By Tim Leeds/Havre Daily Newsemail@example.com
To hear Jennifer Tveraa talk, there should be more mentors working in the Havre Mentoring for Tomorrow program than there are children to be mentored.
"I love it. It's just so much fun," said Tveraa, who mentors 11-year-old Andrea Dess. "You get to drop down and be a kid again."
But the program, administered by District IV Human Resources Development Council, has a short supply of mentors to spend time with local children. Rebecca Sheffield, one of the coordinators of the program, said about 40 children have applied for mentors, but there are only seven available. Seven more are in training.
"They're kind of in the works," Sheffield said. "There is definitely a need for more mentors."
After an application process that includes a background check and a short training period, Sheffield and Anna Emrick, the other program coordinator, match the mentor with a mentee. The coordinators join the mentor and mentee for their first meeting, then the pair are supposed to meet at least once a week for one to two hours and meet at the pupil's school for lunch once a month. HRDC also holds a group meeting once a month for all children interested in the program.
The coordinators keep in touch with the mentors and mentees, and are available if there are problems or questions or if the mentor just needs suggestions in case ideas for activities run short, Sheffield said.
"We're always available. We don't want them to think they're on their own," she added.
Sheffield said many of the children who don't have mentors yet come to the monthly group meetings, which include activities like crafts and games.
"It's neat because it shows how much they want to participate in the program," she said.
Dess said she first got into the program going to the monthly group meetings, which she found out about from her friends. When she learned that she could have a mentor spend time with her each week, she signed up for that.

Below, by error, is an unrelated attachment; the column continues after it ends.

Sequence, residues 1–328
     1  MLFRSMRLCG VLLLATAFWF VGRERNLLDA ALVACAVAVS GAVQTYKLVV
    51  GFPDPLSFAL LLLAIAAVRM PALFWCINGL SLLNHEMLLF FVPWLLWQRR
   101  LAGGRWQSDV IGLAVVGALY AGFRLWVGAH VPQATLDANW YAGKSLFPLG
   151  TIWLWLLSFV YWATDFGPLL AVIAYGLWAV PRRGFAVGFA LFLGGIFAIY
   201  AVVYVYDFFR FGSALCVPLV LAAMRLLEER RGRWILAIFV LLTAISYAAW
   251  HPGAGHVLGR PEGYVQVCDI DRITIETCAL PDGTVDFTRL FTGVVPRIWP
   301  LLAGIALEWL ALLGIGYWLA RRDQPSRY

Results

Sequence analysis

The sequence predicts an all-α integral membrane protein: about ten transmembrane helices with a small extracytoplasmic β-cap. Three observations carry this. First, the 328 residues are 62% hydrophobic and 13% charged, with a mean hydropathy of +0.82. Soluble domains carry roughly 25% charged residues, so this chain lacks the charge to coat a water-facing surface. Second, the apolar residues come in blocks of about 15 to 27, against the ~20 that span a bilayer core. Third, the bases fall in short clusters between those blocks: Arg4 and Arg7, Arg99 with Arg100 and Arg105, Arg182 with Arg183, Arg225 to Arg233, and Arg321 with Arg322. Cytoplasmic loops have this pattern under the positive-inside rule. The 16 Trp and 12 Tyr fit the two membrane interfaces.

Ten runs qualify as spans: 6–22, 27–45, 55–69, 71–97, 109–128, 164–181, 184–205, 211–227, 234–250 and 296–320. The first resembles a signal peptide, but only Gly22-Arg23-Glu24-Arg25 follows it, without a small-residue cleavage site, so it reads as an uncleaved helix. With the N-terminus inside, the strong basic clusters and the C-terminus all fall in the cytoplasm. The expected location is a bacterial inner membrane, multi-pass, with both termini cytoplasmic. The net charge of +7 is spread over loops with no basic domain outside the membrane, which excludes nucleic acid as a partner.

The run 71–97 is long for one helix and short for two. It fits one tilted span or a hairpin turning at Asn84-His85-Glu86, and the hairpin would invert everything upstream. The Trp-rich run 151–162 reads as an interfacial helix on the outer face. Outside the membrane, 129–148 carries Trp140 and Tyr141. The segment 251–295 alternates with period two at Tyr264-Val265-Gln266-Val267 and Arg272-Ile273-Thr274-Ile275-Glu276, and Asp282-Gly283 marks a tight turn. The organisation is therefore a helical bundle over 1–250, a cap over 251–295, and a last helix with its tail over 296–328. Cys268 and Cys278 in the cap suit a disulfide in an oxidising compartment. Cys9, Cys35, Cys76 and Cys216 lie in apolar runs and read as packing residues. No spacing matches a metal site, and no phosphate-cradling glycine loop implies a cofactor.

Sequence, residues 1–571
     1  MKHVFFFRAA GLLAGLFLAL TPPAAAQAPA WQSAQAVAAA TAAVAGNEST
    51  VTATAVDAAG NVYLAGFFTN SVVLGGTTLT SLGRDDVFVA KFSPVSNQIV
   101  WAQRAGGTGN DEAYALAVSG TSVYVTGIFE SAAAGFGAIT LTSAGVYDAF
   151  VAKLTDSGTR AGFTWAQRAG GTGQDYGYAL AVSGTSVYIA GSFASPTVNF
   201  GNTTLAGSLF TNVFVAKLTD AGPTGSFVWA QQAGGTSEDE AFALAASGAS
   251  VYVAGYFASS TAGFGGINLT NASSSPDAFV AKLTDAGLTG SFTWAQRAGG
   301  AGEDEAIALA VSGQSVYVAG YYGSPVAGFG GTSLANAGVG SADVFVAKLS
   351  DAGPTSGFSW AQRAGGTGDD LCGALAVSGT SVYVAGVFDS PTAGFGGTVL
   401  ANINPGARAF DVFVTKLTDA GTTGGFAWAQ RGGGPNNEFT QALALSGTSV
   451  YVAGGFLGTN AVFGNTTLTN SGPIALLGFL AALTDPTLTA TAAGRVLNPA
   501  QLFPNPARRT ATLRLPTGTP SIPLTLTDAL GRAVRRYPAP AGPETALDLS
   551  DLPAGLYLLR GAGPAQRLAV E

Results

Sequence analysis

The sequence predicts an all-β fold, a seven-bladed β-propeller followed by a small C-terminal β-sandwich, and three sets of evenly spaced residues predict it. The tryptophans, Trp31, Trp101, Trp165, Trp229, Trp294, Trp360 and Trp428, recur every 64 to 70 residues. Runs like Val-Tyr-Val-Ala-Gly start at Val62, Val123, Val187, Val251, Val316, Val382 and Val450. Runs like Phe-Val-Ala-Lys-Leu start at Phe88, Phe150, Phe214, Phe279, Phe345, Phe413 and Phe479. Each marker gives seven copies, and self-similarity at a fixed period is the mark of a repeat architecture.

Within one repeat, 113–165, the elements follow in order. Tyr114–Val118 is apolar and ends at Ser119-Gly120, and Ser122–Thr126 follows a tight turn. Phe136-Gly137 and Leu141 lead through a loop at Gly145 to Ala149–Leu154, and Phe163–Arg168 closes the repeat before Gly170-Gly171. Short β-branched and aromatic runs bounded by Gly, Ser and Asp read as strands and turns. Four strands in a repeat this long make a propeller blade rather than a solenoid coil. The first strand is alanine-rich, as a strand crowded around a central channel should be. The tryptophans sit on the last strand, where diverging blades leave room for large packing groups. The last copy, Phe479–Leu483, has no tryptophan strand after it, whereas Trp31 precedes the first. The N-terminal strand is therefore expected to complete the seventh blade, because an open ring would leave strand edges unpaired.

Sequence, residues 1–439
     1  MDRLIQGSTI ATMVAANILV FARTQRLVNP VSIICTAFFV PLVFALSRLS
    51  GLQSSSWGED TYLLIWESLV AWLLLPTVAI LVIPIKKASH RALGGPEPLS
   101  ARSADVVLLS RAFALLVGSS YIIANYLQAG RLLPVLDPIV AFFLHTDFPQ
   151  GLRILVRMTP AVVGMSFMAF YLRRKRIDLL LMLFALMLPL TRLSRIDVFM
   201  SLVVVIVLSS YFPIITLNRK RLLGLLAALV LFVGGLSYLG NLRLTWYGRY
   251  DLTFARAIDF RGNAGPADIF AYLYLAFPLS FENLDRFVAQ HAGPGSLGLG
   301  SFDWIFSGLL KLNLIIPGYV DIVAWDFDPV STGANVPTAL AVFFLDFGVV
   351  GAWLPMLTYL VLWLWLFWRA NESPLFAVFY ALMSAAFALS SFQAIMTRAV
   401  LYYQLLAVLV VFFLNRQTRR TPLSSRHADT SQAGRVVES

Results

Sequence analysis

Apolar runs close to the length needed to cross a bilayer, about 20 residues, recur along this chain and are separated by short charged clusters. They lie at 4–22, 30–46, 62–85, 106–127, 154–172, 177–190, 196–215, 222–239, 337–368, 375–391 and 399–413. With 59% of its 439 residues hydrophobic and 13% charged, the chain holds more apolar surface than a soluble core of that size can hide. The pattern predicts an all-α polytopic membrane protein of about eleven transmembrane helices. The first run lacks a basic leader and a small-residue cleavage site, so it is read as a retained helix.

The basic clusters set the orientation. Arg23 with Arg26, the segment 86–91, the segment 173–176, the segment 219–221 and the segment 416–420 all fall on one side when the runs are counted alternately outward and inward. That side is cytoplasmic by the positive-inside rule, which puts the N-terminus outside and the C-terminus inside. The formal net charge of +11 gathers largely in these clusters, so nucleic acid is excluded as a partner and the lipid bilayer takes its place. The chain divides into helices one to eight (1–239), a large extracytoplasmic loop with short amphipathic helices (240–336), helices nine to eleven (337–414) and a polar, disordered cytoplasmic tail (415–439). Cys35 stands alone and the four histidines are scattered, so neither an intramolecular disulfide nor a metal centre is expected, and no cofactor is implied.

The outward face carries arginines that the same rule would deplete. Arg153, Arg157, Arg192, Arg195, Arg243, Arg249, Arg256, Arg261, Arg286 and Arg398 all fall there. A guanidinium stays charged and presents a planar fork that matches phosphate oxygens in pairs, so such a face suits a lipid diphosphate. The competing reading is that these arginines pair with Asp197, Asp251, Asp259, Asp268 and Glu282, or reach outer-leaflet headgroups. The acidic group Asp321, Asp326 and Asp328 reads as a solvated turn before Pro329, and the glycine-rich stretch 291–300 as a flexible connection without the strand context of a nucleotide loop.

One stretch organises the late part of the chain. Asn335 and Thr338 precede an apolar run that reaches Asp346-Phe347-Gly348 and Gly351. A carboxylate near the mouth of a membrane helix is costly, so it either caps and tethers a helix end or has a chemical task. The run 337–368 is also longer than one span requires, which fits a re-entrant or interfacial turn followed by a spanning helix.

The program has been a lot of fun, Dess said, and she would recommend it to other children.
"They would probably love it," she said, adding that she likes Tveraa and they do a lot of different things together, from going to the movies or doing things outdoors to baking cookies at Tveraa's home.
Tveraa said she usually has several suggestions for activities each week, then asks Dess what she would like to do and lets her decide.
"Within reason," Tveraa added. "She's usually pretty reasonable."
Emrick said the program is open to any child in grades 5-7. Sometimes the child is the one who wants to have a mentor. Sometimes it's the suggestion of the child's parent. Both have to sign the application, she said.
The program doesn't target a particular group of children, but it often attracts children from single-parent families, low-income families, or families with two working parents, she said.
Sheffield, who started working as a coordinator in September, a couple of weeks after Emrick started, said she has seen improvements in children in the program.
"It makes an impact," she said.
For example, Sheffield said, one girl was withdrawn and cried easily when she started.
"She's gotten more confidence. You can see it," Sheffield said. "She seems happier. She talks about how she loves (being mentored.)"
A boy in the program seems proud about being mentored.
"He feels it's something special that's his own," she said.
Emrick said some of the goals of the program are to help children improve their self-esteem, build their self-confidence, improve their school performance and help them learn how to make responsible decisions.
Tveraa said it's rewarding to be a mentor, "being able to help one family or one person who needs a little extra love."
She said it's not hard to find the time to be with a child. She has a 16-month-old daughter but is able to spend time with Dess each week.
"The minimum requirement is like an hour a week. I think anybody could swing that," she said.
The mentors must be at least 17 and a junior in high school.
Sheffield said she thinks more people would be interested in mentoring if they knew more about the program. The Montana State University-Northern Office for Community Involvement has been recruiting college students, and that is working well, she said. There is no upper age limit, and she thinks people who are older than traditional college students also would enjoy mentoring.
"No one should think they're too old," Sheffield said.
She said some people might be intimidated by the program, thinking it takes a large time commitment or a lot of money to find activities for the mentees. That isn't the case, she said, adding that she and Emrick are always available to help the mentors. The program can even help arrange cost reductions in local activities like skiing or bowling through coupons or arrangements with businesses.
"All you have to do is be a friendly person, have fun. All you have to do is be a friend for a couple of hours a week," Sheffield said.
For more information, contact Emrick or Sheffield at 265-6743, or via e-mail at firstname.lastname@example.org or email@example.com.